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The High Court of Justice last week agreed with a Movement for Quality Government petition and overturned a Knesset decision to grant pensions to MKs who didn't even complete a single term in office. The decision affected 22 members of the previous Knesset who were not re-elected to the current legislature. Eight of them lost significant sums of NIS 700,000-800,000 since they served only one term, and will not get any pension at all, just regular severance pay. Fourteen MKS who had served more than one term will lose 2 percent of their pensions, the total damage being around NIS 200,000. In all, the Knesset will save NIS 9 million, and justice will be served.

The entire affair began when the 14th Knesset dissolved after three years - an occupational hazard. According to regulations MKs are entitled to a pension after at least four years in office, meaning eight of them were not entitled to a penny. They sought Knesset House Committee aid and their comrades decided to view the three-year term as if it had been four years. This classic Israbluff entitled them to a pension of 8 percent of salary until their dying day, instead of making do with severance pay. At the same time, the committee added 2 percent pensions for fourteen veteran MKs who didn't make the grade for the 15th Knesset - waving their magic quills again to make three years "four".

The affair stirred public outrage and many words were written. But Knesset chair Dan Tichon hardened his heart and determined that the Knesset House Committee is authorized to raise MKs' pensions by "measured and reasonable" increments. What callousness. After three years of work a NIS 800,000 pension for a politician elected to serve the people is reasonable? Then they should implement it for all of today's unemployed textile workers.

In any case, the Aloni Committee, established after another affair in which "adjustment grants" were given to MKs who didn't serve an entire term, prescribed scrapping the illegal benefits, but the recommendation was rejected by the ever-present Knesset House Committee. Judge Shaul Aloni resigned in protest.

The Movement for Quality Government then again asked the Knesset to reconsider but hit a brick wall, and petitioned the High Court to rule against Dan Tichon and the Knesset House Committee.

Any Aloni Committee decision on MKs' wages and benefits is a recommendation for the Knesset House Committee's approval. Up to now, when the Aloni Committee recommended improving those conditions, the house committee wholeheartedly agreed. But now, when the Aloni Committee decided to act according to logic, its recommendations were suddenly opposed.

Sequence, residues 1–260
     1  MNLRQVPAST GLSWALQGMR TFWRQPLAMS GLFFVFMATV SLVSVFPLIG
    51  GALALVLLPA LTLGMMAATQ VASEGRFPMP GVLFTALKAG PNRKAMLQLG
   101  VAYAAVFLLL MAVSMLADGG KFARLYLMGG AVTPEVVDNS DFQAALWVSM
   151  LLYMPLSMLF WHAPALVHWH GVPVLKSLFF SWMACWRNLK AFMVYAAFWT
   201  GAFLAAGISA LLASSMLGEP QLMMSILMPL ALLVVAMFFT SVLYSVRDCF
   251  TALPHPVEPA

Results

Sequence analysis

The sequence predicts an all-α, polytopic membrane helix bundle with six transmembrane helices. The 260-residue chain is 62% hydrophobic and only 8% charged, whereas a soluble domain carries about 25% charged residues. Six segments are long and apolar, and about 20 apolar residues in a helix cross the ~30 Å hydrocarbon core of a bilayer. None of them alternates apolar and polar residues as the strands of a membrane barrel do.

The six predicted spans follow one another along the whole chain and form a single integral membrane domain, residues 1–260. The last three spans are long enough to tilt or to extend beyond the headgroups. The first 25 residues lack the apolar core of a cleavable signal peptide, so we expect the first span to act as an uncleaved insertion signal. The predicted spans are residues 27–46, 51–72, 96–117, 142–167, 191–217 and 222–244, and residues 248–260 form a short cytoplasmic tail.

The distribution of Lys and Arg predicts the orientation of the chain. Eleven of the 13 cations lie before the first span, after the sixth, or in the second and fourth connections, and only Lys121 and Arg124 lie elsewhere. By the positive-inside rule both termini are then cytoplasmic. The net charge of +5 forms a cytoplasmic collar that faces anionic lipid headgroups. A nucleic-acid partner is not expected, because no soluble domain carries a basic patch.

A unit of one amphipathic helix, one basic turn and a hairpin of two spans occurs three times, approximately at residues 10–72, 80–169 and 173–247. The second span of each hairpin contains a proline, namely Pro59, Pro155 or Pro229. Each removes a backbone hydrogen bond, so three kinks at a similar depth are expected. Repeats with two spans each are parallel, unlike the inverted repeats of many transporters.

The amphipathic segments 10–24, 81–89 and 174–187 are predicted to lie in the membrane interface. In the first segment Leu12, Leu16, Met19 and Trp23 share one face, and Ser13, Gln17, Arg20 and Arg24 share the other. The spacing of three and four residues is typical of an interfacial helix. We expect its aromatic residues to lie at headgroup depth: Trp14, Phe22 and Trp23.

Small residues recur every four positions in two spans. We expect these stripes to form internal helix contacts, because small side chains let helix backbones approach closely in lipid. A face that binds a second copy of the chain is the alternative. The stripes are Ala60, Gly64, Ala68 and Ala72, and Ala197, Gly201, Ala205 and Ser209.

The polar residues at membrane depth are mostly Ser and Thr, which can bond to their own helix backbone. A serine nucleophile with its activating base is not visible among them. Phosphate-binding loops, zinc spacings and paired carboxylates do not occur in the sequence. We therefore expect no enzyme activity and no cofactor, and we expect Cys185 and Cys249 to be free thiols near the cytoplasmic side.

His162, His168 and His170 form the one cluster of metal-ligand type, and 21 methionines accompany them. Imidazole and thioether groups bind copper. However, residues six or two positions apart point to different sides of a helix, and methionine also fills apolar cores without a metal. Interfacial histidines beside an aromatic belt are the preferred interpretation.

The house committee decided not only to make a fool of Aloni but to broaden the pension rights of fourteen veteran MKs who concluded their service in the last Knesset, raising their pensions to 8 percent from 6 percent. And it doesn't matter that the fourteen have budget pensions and they have already racked up respectable sums. None of that matters to them when they can rob the tax-paying public - they simply do it.

Apparently the MKs' labor union is one of the strongest in Israel. It doesn't need to strike, request or persuade. It simply lifts a finger and improves its members employment terms. The union's members-of-the-month awards had to go to MKs Benny Alon and Yair Peretz who argued that when the Knesset was dissolved after just three years, an MK found himself suddenly and surprisingly unemployed, since he had planned on four years.

Heaven forfend! As if they hadn't known they were entering an inherently unstable political reality, or that very few of our legislatures survive the full term. There are MKs who accuse the media of overdoing its criticism of the Knesset and its members, emphasizing only the ugly and the sensational, and so weakening democratic rule. But what can one do when the MKs themselves provide the ammunition?

Now, after Aloni has resigned, Knesset speaker Avraham Burg said he will convince the Knesset House Committee chair to debate the matter again with the goal of accepting the Aloni committee recommendations and bringing the justice back into the fold.

We suggest that Burg not intervene at all If if the house committee talks about the issue again, it could keep up with its tradition and its ethic - and teach us all a lesson - by again upping pension benefits for those 22 impoverished former elected officials.